The federal court appeal process is an important part of the legal system. It allows individuals and organizations to challenge decisions made by lower courts or administrative agencies. This process can be complex and time-consuming, but it can also be a powerful tool for those seeking justice.
What Is the Federal Court Appeals Process and How Does It Work?
When a District Court hands down a final verdict, it can be appealed to the Circuit Courts of Appeal as a right on the grounds that something wrongful occurred at the trial court level.
In the appellate process in federal court, there are no juries, witnesses, documents, or other presentations of evidence. Instead, the federal Circuit Court hearing your appeal will limit its review nearly entirely to the record formed by the District Court.
Federal defendants who want to access the federal appeal process must move quickly after the final verdict is entered, or they can forfeit their appeal rights. Under the Federal Rules of Appellate Procedure, your Notice of Appeal must be received by the District Court that heard your case or imposed the sentence within 14 days. This relatively simple filing initiates the appeals process.
After receiving the Notice of Appeal, the trial court will prepare and forward your case record to the appropriate appeals court for their appellate review. Once the court gets the record, your appellate attorney typically only has 40 days to submit the appellate brief that will become the cornerstone of your case.
Researching and writing the appeals brief — as well as any answers to the prosecutor’s written submissions — is critical to the appellate lawyer’s practice. In many cases, these appellate briefs hone in on minimal points of law that the entire case hinges on. After both sides of the case have been presented, the judges will consider the arguments and issue an appeals decision or ruling.
If the Circuit Court finds in your favor and overturns the United States District Court, it may completely dismiss your conviction, remand the case back to the District Court with instructions on how to proceed, or order a new trial.
Understanding the Different Levels of Appeal in the Federal Court System
There are 94 United States District Courts throughout the United States and 13 United States Circuit Courts of Appeal. Sitting above these is the nation’s highest court, the Supreme Court.
If the Circuit Court of Appeal rules against you and affirms the District Court’s decision on a criminal matter, you have the constitutional right to attempt to take your case to the United States Supreme Court, the last and highest level of appeal in the federal court appeal process.
However, filing for a writ of certiorari to get your case heard by the Supreme Court is time-consuming, highly involved, and highly technical. With an incredible volume of litigations and limited time and resources, the Supreme Court may accept or reject any appeal it receives. However, appealing to the Supreme Court can be worth it if the stakes are high enough — particularly if your case presents unique legal questions that have not adequately been resolved — as these can increase the chances that the Supreme Court takes your case.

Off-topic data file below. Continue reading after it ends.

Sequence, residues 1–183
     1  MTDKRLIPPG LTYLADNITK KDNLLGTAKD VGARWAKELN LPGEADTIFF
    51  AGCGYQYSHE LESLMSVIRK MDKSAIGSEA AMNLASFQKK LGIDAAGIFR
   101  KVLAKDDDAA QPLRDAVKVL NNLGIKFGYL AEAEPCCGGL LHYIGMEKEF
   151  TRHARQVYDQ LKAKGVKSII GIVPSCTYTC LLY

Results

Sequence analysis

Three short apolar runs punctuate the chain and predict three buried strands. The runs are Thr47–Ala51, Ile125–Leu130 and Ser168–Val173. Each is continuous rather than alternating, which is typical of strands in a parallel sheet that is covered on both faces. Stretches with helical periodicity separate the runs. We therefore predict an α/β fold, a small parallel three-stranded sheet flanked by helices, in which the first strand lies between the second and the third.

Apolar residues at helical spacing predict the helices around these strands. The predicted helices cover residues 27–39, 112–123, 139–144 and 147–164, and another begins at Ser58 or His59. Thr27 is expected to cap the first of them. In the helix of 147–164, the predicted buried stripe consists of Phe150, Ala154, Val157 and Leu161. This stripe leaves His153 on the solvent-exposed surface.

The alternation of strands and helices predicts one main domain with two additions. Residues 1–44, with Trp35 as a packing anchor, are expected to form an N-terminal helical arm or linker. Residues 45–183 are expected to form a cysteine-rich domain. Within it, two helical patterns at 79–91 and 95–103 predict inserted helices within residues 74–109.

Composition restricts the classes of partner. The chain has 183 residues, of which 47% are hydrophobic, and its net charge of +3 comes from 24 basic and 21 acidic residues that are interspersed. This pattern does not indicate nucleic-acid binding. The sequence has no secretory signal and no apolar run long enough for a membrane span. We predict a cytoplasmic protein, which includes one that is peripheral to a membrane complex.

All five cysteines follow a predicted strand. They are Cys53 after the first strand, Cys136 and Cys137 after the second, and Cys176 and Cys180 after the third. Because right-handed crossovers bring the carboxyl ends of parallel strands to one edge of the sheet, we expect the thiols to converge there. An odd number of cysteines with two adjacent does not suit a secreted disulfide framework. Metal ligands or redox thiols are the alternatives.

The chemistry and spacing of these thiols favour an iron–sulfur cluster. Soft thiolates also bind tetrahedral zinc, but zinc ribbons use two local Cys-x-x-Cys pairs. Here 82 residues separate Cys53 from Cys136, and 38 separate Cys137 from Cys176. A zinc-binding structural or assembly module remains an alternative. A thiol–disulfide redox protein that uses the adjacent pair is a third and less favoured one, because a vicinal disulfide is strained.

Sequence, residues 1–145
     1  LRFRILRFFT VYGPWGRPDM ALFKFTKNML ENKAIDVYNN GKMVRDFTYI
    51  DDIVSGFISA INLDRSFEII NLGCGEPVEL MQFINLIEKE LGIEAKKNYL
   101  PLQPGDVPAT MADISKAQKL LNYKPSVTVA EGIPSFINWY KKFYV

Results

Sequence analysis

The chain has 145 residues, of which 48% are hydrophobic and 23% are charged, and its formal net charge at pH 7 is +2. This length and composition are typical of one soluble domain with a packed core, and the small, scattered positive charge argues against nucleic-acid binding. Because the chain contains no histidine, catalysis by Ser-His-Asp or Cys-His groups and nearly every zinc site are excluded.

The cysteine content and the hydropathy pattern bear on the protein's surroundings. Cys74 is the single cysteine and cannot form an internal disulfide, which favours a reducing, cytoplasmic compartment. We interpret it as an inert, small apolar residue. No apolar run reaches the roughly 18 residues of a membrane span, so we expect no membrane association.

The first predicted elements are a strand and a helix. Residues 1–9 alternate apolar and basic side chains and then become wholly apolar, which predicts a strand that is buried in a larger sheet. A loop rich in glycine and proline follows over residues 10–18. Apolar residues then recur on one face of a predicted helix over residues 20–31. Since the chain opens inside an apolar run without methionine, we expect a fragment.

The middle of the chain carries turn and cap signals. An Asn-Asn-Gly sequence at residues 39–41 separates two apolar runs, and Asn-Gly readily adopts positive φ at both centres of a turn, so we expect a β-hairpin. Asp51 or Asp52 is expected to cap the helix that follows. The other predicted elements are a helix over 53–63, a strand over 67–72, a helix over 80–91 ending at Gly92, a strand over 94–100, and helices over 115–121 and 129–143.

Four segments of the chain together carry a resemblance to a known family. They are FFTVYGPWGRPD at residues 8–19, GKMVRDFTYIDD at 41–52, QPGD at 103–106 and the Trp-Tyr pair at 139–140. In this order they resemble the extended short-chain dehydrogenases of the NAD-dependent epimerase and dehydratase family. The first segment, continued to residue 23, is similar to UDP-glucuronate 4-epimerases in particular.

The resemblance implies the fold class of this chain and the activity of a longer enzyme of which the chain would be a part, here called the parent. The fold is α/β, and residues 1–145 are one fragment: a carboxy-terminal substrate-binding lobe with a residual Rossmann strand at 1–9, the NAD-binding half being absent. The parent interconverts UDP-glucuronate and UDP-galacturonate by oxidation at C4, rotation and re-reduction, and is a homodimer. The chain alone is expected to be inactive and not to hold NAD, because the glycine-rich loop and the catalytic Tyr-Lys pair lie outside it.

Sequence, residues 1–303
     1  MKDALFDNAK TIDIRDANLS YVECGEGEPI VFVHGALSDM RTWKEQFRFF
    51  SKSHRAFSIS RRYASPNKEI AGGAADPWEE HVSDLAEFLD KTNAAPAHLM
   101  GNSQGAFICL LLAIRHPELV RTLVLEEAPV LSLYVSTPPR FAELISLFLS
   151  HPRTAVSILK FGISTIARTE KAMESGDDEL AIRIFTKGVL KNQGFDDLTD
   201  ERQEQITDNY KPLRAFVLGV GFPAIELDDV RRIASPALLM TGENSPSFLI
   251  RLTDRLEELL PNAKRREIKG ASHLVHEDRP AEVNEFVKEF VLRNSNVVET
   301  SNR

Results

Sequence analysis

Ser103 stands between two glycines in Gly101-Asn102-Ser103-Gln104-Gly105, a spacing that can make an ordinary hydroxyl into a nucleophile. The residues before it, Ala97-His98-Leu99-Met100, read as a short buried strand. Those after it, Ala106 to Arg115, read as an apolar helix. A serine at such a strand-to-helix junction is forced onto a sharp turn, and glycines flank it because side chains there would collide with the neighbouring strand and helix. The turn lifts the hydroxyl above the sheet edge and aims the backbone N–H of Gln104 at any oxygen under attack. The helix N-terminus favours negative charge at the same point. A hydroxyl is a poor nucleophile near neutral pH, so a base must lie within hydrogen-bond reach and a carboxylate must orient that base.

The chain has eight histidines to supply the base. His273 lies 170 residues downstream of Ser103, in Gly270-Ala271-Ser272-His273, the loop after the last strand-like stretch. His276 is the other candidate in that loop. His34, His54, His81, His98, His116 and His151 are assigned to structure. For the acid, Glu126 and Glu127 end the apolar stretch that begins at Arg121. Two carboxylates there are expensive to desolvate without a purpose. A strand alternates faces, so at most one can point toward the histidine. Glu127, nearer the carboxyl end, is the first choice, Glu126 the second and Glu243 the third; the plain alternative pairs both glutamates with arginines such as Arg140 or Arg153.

Common Grounds for an Appeal of Federal Criminal Convictions
To persuade the appellate courts to look further at your case, it’s important to show the judges that something went wrong at the trial court level. A few of the most common grounds for an appeal in federal appellate procedure:
- The jury’s verdict went against the weight of the evidence
- The trial court made an evidentiary ruling which was unfairly prejudicial to your case
- Your civil rights were violated
- Your sentence was disproportionate to your conviction
- You had insufficient legal counsel
- There was an unsettled point of law that determined the case
The Appeals Process in Federal Court
In any United States Court of Appeals, it is very important for the federal appellate lawyer to be thoroughly familiar with that court’s local practices and the federal rules of appellate procedure that more generally apply. For example, courts of appeal vary in how the record is prepared and what other filings are required for inclusion with an appeal brief.
The Court of Appeals sets the briefing schedule. The appellant first files its brief, and the government responds with its brief after that. The appellant may also file a reply brief. Once the case is fully briefed, the Court of Appeals will decide whether to grant oral argument. The Court of Appeals will notify the appellant that the case has been designated for oral argument. If oral argument is granted, the appellant’s lawyer will argue the brief before a three-judge panel.
If the Circuit Court of Appeals denies relief, an appellant has 14 days to file a petition for rehearing. In a petition for rehearing, the appellant argues that the panel’s opinion was based on an error in law or facts.
If your petition for rehearing is unsuccessful, then your next step would be to file a petition for writ of certiorari in the United States Supreme Court. An appellant has 90 days to do that from the date the appellate court enters judgment. This is the last stop in appellate procedure, and it is up to the United States Supreme Court’s discretion whether to grant certiorari to the case. If certiorari is granted, the United States Supreme Court will hear the case, and render an opinion, almost always in writing.
Contact the Law Offices of Seth Kretzer for Help with a Federal Appeal
At the Law Offices of Seth Kretzer, our attorneys are highly skilled and experienced with the federal court appeals process and can answer your questions and help you with your legal needs. Contact our firm today.